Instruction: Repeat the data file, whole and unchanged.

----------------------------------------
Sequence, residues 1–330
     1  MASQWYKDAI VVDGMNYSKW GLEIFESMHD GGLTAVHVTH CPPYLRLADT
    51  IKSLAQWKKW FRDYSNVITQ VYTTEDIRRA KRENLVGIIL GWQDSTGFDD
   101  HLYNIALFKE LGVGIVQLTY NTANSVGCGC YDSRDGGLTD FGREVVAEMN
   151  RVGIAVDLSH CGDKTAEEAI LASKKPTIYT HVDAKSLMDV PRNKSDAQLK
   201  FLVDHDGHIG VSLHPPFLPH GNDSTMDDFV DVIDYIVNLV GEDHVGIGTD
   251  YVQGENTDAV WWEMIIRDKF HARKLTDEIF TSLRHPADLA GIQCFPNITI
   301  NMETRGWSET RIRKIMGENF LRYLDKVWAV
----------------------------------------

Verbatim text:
Sequence, residues 1–330
     1  MASQWYKDAI VVDGMNYSKW GLEIFESMHD GGLTAVHVTH CPPYLRLADT
    51  IKSLAQWKKW FRDYSNVITQ VYTTEDIRRA KRENLVGIIL GWQDSTGFDD
   101  HLYNIALFKE LGVGIVQLTY NTANSVGCGC YDSRDGGLTD FGREVVAEMN
   151  RVGIAVDLSH CGDKTAEEAI LASKKPTIYT HVDAKSLMDV PRNKSDAQLK
   201  FLVDHDGHIG VSLHPPFLPH GNDSTMDDFV DVIDYIVNLV GEDHVGIGTD
   251  YVQGENTDAV WWEMIIRDKF HARKLTDEIF TSLRHPADLA GIQCFPNITI
   301  NMETRGWSET RIRKIMGENF LRYLDKVWAV